Here's Why There Are No More World's Fairs

When it came to showcasing some of the most interesting scientific and cultural creations around the world, the world's fair was the peak exhibition in days gone by. According to Britannica, the world's fair was a massive international event that featured some of the world's most ingenious inventors and artists. World fairs actually have a relative in the form of English national fairs. These took place in the 18th century and were basically a combination of carnivals and trade shows. They featured both entertainment and bleeding edge innovation at the time. 

As History explains, the first world's fair took place in the year 1851: the Crystal Palace Exhibition in Hyde Park in London. This festival was also a staggering international exhibition, showcasing culture and technology from many different countries. This was held as a celebration of industrialization, proving what human ingenuity could do when collective talents pool together. Yet despite their importance in history, world's fairs just stopped happening at some point. Why?

The world's fair lost traction after the Cold War

The world's fair might seem like an apolitical event, but much of its focus in the U.S was actually a way to show military and technological might. According to Smithsonian Magazine, world's fairs were exceedingly popular across the planet in places like Europe and Asia. For the United States, however, enthusiasm for them had dwindled significantly in the second half of the 20th century. The last world's fair in America was in 1984, for the simple reason that there simply isn't enough investment in them anymore. The United States emerged as the leading world superpower after the Cold War, which meant that using world's fairs as a way of demonstrating technological prowess and international diplomacy simply wasn't needed anymore.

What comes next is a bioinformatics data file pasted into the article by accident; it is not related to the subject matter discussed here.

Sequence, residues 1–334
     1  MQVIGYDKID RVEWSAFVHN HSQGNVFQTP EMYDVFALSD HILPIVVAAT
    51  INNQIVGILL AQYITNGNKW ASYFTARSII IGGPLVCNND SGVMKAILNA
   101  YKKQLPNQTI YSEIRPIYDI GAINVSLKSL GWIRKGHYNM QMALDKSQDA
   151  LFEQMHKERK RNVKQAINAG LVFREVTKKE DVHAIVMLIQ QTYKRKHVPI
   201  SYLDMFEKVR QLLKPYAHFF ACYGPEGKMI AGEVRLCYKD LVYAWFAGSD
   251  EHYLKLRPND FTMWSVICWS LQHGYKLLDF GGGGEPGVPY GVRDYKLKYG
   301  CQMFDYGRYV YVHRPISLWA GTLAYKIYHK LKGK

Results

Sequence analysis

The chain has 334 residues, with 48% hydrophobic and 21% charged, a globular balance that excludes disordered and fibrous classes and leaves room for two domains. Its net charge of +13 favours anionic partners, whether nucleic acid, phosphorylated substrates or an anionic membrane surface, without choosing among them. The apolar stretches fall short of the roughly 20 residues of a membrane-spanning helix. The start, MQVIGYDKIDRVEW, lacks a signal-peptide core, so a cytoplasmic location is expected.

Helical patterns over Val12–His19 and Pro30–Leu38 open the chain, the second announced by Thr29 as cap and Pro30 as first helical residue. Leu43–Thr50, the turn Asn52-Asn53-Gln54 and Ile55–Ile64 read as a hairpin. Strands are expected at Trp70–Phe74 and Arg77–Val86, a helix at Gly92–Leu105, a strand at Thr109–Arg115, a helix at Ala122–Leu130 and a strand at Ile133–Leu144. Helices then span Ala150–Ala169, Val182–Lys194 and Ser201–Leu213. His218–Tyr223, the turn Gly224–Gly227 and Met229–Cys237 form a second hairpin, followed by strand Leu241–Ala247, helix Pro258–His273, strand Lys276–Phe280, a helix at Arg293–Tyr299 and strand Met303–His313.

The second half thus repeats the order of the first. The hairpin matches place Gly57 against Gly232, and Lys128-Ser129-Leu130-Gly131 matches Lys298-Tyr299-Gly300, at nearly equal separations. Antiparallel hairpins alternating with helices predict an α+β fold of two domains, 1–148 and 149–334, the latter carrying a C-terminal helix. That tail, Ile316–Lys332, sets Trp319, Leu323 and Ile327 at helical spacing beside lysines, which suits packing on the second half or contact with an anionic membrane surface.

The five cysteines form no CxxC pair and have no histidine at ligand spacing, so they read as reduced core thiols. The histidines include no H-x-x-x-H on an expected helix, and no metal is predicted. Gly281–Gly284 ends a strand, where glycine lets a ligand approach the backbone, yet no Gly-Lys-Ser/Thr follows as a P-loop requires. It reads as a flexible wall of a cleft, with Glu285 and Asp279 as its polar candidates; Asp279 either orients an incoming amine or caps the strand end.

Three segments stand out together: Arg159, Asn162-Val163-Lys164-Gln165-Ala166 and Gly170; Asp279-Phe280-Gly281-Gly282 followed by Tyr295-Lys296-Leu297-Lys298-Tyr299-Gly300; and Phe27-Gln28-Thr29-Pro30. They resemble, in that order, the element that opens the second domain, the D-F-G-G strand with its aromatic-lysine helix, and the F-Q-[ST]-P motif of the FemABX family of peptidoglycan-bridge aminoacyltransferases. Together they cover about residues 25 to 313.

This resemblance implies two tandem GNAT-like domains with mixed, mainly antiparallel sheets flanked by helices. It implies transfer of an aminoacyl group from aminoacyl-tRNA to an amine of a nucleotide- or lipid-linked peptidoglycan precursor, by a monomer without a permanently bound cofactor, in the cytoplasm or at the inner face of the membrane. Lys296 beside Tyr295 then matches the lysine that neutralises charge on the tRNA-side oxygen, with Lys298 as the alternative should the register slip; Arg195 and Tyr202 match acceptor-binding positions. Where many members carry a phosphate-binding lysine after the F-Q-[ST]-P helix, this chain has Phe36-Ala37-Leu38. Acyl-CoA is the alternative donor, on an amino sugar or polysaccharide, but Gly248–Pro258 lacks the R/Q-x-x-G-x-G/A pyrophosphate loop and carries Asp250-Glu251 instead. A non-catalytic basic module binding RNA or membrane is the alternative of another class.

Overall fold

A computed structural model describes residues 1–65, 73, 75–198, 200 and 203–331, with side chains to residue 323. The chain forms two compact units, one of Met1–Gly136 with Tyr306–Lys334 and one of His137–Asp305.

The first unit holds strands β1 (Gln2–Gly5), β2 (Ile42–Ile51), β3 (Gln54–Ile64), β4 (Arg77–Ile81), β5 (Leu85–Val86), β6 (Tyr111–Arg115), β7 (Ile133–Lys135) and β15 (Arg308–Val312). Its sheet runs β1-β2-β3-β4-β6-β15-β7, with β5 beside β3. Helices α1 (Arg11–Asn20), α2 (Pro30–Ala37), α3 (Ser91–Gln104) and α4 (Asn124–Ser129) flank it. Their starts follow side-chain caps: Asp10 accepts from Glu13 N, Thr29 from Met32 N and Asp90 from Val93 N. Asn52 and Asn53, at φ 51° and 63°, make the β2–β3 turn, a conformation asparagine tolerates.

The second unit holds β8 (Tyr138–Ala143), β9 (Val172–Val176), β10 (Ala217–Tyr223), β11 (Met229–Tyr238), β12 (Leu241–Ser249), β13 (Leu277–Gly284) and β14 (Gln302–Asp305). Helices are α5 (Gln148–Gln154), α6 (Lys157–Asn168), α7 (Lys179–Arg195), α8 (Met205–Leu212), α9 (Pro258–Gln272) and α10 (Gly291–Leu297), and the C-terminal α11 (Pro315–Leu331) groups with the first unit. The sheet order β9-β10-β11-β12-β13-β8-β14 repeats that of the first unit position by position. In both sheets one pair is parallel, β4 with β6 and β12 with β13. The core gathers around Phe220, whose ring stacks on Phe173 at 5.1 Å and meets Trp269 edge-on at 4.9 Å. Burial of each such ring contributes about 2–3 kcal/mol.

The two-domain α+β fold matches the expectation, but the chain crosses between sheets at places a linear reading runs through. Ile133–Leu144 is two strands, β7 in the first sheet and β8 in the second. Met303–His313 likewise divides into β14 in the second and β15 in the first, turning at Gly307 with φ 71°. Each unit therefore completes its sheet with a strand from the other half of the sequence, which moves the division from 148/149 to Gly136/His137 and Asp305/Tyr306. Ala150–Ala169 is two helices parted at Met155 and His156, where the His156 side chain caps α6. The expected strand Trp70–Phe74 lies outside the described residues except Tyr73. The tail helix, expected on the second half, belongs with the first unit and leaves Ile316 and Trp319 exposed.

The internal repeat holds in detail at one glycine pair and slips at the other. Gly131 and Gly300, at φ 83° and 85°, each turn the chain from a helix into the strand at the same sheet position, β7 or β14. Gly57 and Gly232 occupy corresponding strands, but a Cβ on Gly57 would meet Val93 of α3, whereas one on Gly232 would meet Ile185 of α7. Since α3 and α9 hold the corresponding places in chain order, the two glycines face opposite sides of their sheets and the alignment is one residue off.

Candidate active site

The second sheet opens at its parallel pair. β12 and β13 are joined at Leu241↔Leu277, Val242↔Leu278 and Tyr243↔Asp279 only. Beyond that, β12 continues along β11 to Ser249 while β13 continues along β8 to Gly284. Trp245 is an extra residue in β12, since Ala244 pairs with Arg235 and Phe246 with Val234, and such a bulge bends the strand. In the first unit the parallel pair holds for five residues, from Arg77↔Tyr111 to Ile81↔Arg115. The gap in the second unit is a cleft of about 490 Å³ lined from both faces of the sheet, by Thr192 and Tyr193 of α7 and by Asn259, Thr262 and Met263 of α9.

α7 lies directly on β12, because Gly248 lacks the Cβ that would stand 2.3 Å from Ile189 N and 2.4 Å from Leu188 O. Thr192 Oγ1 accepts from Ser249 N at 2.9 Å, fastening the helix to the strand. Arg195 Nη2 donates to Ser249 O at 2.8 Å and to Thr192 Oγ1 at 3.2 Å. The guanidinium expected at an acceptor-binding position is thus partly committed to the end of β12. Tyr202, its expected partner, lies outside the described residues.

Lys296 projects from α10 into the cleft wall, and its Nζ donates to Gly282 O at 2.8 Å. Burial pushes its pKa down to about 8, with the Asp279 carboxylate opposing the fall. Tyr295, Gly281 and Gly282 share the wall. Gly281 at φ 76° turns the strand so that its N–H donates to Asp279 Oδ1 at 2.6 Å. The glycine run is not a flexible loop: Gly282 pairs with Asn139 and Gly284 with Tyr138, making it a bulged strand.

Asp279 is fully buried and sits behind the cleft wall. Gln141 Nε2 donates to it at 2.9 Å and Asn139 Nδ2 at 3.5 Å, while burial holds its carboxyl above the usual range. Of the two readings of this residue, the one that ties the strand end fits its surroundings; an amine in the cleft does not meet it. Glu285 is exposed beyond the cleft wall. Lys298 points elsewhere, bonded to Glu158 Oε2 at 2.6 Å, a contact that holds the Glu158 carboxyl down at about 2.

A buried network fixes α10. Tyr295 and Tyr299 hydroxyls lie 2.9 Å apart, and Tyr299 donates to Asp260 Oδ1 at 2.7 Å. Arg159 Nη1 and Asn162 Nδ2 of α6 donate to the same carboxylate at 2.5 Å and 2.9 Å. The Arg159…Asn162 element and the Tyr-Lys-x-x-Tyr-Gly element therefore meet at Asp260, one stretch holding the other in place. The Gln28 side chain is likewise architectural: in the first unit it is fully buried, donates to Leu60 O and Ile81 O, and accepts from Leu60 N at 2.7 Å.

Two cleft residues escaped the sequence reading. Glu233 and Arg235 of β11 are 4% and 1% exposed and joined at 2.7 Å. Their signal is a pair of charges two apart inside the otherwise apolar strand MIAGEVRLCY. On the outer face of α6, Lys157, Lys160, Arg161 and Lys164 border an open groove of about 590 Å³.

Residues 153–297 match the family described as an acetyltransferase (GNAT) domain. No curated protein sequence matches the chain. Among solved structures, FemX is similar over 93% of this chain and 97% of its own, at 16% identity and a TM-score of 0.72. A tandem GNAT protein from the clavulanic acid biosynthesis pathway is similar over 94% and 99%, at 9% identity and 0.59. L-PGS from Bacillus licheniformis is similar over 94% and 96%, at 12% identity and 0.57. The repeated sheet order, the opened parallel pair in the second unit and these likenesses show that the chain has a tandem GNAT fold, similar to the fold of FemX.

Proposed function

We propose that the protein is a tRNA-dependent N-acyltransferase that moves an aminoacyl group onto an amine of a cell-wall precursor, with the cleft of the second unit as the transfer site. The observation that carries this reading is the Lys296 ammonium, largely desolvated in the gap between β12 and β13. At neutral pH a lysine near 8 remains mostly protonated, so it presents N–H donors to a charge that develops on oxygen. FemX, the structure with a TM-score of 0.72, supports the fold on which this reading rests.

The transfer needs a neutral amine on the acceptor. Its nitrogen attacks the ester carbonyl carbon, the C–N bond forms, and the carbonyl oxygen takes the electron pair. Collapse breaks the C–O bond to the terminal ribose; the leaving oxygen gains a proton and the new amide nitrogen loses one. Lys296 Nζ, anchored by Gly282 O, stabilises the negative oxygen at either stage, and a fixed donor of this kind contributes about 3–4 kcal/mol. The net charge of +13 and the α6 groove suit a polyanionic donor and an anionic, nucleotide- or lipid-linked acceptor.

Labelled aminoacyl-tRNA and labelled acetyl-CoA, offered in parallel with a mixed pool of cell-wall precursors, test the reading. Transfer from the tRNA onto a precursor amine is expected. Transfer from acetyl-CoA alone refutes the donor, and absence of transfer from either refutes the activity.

As Britannica explains, many of the expositions during the Cold War often had a competitive edge to them between the United States and Soviet Union. The 1962 Century 21 Exposition that was held in Seattle had a heavy focus on space exploration. Given the space race tensions, it's easy to see how this was a kind of scientific challenge to the Soviet Union. 

Other events have taken the place of world's fairs

The end of the Cold War wasn't the only factor in world's fairs becoming less popular. According to Smithsonian Magazine, many functions of world's fairs were essentially replaced with bigger, more popular attractions. Theme parks like Disney's and their Tomorrowland attractions contain many of the same speculative tech excitement that expositions offered. Olympic Games also fulfill the international exhibition aspect of world's fairs. Television is a major contributor to the decline of world's fairs, especially Olympic Games broadcasts. 

Despite this dwindling popularity, expos of one sort or another still occur around the world. As stated by Britannica, places like China have had major expositions in the 21st century, like Expo Shanghai 2010. Japan also had an expo back in 2005 in the city of Nagoya. Yŏsu, South Korea had its own expo in 2012, Milan in 2015, and Astana, Kazakhstan had its own in 2017. Despite this, expos have largely disappeared in many parts of the world, especially the United States. Only time will tell if they'll ever make a significant comeback.